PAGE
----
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Rite of passage: The shoestring snake

I am trying to be a good grandfather. I want to introduce my grandsons to things that will expand their minds, develop problem-solving skills and teach them to think outside the box. My wife and I look for toys to give them that will accomplish this.

So what does Titus the Honorable want to play with when he comes over to our house? A shoestring. A single 18-inch green shoestring. He calls it his “snake.” For hours, he chases and attacks me with this hissing shoestring enemy. He has certain places he hides it, and when it gets out of hand, he yells, “Save me, Poppy.” And as best as I can imitate Indiana Jones, I do my best to wrestle that snake into submission. And there stands a little boy with a grin on his face because Poppy has saved him again.

If you know anything about green shoestring snakes, though, you know they don’t stay compliant very long. Soon, we have to wrestle with it again. After the hundreds of dollars I’ve spent on so-called child development toys, the two of us are playing with a shoestring—and I am so pleased.

One of the greatest gift God gives children is imagination. It is one of the God-attributes He places within them. And when He sees a child acting out in imagination, He smiles because He sees himself.

My good friend and former Awe Star missionary Bart Millard wrote a song called “I Can Only Imagine.” That song tapped into the God-attribute in all of us, and has gone on to become a bestseller. I’ve written before about how we need dreamers in this world, those who think outside the box and to whom two plus two equals a gazillion. The sad part is, our culture does little to encourage dreamers.

When my youngest son was in elementary school, the students in his class were instructed to make and decorate hearts for Valentine’s Day. Their projects would then be displayed in the classroom for the upcoming parent-teacher meeting. When my wife and I went to the meeting, we saw all the hearts displayed around the room but couldn’t find the one our son had made. “Where is Caleb’s heart?” we asked.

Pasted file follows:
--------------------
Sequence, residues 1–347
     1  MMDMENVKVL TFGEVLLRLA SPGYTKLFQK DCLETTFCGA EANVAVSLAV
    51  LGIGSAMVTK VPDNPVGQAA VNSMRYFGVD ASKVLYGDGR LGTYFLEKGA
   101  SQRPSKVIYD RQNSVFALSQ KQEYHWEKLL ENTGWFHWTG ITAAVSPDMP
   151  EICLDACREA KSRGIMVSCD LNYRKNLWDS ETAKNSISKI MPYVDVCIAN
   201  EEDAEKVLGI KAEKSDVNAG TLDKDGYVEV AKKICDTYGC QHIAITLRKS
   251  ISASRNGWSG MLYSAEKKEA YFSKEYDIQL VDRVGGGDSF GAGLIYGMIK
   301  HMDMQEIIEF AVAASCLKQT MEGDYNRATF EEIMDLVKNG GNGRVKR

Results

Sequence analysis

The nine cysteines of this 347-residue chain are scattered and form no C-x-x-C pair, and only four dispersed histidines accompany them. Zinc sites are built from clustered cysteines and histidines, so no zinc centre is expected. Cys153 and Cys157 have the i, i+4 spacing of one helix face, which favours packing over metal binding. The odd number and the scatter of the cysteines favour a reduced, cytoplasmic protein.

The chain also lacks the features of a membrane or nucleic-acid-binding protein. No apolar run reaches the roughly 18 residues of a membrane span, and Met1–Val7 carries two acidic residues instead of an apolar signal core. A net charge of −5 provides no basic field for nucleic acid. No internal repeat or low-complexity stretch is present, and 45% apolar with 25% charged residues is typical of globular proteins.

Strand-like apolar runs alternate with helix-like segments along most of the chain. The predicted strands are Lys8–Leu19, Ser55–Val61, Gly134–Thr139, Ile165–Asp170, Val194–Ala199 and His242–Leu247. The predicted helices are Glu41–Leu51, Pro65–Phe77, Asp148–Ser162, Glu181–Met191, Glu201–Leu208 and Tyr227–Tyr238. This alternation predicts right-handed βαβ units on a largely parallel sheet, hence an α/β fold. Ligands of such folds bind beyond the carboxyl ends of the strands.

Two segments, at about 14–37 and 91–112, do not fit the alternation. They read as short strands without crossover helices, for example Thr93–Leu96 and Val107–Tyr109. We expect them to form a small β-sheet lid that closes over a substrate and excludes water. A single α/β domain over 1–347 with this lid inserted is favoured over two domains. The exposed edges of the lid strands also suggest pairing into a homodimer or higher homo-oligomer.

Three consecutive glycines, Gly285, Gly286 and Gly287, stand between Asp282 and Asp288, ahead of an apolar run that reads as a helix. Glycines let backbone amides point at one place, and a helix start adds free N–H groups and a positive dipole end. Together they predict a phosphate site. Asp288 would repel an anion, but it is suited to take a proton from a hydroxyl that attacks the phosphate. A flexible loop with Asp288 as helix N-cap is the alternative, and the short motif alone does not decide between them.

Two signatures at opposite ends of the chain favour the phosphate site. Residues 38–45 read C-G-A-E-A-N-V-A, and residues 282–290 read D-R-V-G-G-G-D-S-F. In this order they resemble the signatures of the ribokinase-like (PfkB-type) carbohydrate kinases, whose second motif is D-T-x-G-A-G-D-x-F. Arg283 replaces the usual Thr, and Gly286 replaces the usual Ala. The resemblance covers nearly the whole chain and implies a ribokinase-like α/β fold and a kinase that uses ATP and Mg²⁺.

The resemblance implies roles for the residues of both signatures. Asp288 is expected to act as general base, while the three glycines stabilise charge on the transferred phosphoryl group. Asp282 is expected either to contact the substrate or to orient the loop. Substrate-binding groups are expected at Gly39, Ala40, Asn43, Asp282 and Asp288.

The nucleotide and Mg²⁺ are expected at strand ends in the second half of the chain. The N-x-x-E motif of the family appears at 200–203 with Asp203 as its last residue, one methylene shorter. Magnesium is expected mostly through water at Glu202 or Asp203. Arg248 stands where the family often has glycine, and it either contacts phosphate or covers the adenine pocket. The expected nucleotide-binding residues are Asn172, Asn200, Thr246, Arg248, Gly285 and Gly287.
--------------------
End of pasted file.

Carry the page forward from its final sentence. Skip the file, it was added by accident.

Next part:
An odd look came across his teacher’s face as she tried to come up with an explanation. “He didn’t follow instructions,” she finally told us. “I showed them how to cut out a heart and held mine up as an example, and this is what your son did.”

She reached into the drawer and pulled out the heart Caleb had made. It was incredible—a three-dimensional heart with little hearts hanging off the big one. As I looked at it, I could imagine his little mind working to figure out how to draw, cut and put this creation together. I was so impressed by his work. I looked back up at the teacher, who told me, “It wasn’t like mine.”

I understood what she was saying. She was talking about his ability to follow instructions. But what do you do with a child who can think outside the box, who is gifted with the imagination and creativity as to make a three-dimensional heart? You fan that creativity and challenge the child to make a four-dimensional one.

That’s what I love about the green shoestring snake: it could be something else tomorrow. It has no boundaries or limits. Next, it could become the cord for a parachute, an electric fence you have to cross over or a web in which to catch dangerous spiders. Those who have no creativity or imagination only see a shoestring. And that’s all right, too. We need the practical and the creative working together.

I wonder if people thought Adoniram Judson was crazy when he began to share his dreams of God calling him to be a missionary to Burma? His imagination and dreams led him to be the first missionary sent from the United States. God even has verses in the Bible for us dreamers, like this one: “Now to him who is able to do immeasurably more than all we ask or imagine, according to his power that is at work within us” (Eph. 3:20).

God is able to do far more in us than we can ask or imagine—and I can imagine a lot. But even in my wildest imagination as a child, I could never have guessed everything God had in store for me. And even though Titus the Honorable is only two and a half, I am praying his green shoestring snake will one day lead him into distant lands, all for the glory of God.

Walker Moore

Author: Walker Moore

View more articles by Walker Moore.

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  • Ruth Andrews

    This was interesting. I am a former school teacher and a long long-time VBS teacher, crafts leader for the past 12 or so years. I applaud imagination in children, especially with craft projects. I believe God has given all of us some imagination, but not everyone has, either not been encouraged to develop it, or perhaps not had the desire to.

    • Walker Moore

      Amen! Then you were a great teacher.

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